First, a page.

Does claimant's death necessitate PAGA suit's dismissal?

Ex-employer allegedly failed to pay overtime wages, give uninterrupted meal periods

Does claimant's death necessitate PAGA suit's dismissal?

In a recent case, the plaintiff’s death meant that the court should dismiss her claim under the Private Attorneys General Act of 2004 (PAGA). Substitution of the representative plaintiff was improper, given that the substitute did not meet PAGA’s prerequisites.

Read more: What Supreme Court’s PAGA ruling means for California employers

In Stephanie Hargrove v. Legacy Healthcare, Inc. et al., the late plaintiff worked for San Bernardino Convalescent Operations, Inc. – doing business as Legacy Post-Acute Rehabilitation Center – as an hourly-paid restorative nursing assistant/certified nursing assistant from around August 2014 to August 2015.

The plaintiff brought a PAGA action against her former employer and others. She asked the court for remedies for certain violations of California’s Labor Code for herself, for the State of California, and for all other aggrieved employees.

The plaintiff alleged that her ex-employer failed to do the following:

  • to pay overtime wages at the correct rate;
  • to offer sufficient break coverage;
  • to give uninterrupted meal periods;
  • to keep and to provide true, accurate, and complete employment records, time records, and wage statements;
  • to reimburse the costs of uniforms;
  • to furnish basic information relevant to the employment relationship.

The plaintiff amended her complaint, initiated in 2016, to add two separate defendants in 2017 and in 2018.

In 2020, during the discovery phase of the proceedings, the plaintiff passed away. Her attorneys asked the court if they could file an amended pleading to substitute the appellant, Makiya Cornell, in the late plaintiff’s place to prosecute the PAGA claims.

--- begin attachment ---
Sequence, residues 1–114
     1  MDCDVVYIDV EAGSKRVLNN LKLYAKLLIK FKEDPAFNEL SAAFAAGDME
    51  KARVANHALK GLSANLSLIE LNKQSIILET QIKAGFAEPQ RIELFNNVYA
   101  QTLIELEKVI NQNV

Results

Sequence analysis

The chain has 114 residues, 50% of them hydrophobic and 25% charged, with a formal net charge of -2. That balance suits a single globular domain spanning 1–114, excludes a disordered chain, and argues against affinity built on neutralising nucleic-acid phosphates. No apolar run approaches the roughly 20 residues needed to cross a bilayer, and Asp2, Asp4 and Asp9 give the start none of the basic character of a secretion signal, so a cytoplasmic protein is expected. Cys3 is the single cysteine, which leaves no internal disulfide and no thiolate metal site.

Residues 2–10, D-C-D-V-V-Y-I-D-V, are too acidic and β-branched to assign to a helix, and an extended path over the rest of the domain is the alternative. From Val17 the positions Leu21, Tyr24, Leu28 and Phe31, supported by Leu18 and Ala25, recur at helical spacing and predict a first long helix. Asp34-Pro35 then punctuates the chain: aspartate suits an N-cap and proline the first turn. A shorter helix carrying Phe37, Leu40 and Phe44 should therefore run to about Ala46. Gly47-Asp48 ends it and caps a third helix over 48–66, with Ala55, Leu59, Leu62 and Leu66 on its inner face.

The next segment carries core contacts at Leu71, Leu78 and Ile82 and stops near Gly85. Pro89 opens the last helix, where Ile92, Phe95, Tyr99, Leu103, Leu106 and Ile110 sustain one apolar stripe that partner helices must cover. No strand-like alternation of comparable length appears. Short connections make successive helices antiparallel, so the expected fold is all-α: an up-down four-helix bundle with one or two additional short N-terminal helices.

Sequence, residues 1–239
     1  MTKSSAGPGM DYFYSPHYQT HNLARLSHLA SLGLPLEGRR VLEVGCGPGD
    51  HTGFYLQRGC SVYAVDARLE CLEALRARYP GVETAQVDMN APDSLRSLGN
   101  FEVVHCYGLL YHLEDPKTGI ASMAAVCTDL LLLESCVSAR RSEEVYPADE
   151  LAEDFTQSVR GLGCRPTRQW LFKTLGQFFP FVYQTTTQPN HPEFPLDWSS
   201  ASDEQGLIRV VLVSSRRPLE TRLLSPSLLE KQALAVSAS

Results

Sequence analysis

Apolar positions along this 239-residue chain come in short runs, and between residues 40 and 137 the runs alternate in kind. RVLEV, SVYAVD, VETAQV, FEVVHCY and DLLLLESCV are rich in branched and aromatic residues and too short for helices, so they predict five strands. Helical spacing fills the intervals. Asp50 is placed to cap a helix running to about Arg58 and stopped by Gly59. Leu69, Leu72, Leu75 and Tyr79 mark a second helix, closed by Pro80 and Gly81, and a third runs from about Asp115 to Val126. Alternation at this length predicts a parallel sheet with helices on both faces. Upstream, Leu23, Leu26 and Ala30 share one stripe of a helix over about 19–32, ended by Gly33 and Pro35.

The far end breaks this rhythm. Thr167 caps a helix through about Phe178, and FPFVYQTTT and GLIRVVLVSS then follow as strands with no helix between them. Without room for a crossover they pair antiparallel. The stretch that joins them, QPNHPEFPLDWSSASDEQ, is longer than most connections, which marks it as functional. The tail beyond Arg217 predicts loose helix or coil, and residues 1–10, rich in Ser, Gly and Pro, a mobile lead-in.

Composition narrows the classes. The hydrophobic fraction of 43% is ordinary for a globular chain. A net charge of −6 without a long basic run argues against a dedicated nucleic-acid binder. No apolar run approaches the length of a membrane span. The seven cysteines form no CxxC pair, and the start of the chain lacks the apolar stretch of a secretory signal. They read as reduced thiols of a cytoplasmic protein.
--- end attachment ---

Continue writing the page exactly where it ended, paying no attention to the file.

The trial court rejected the attorneys’ request, dismissed the PAGA action, and explained that Cornell could initiate her own claim and causes of action. The California Court of Appeal for the Fourth District, Division Two affirmed the trial court’s order.

The appellate court ruled that, strictly speaking, a nonparty to an action like Cornell lacked standing to appeal the judgment. However, erring on the side of caution, the appellate court chose to treat the unsuccessful motion to amend the plaintiff’s complaint to add Cornell as the new representative plaintiff as an unsuccessful motion to intervene, from which Cornell could appeal.

The appellate court, applying the ruling in Hutcheson v. Superior Court (2022), held that the trial court appropriately denied the motion and that the circumstances of this case did not support substitution.

The appellate court considered whether Cornell met PAGA’s prerequisites. On the issue of standing, she was not an aggrieved employee, as required, since the defendants did not employ her before 2019, the court said.

As for the notice requirement, the representative plaintiff should notify the employer and the California Labor and Workforce Development Agency about the allegedly breached Labor Code provisions and about the supporting facts and theories.

In this case, both the plaintiff and Cornell provided such notice. However, the appellate court noted that PAGA actions are subject to a one-year statute of limitations and that Cornell gave notice in 2020 – or over three years after the plaintiff provided notice in 2016.

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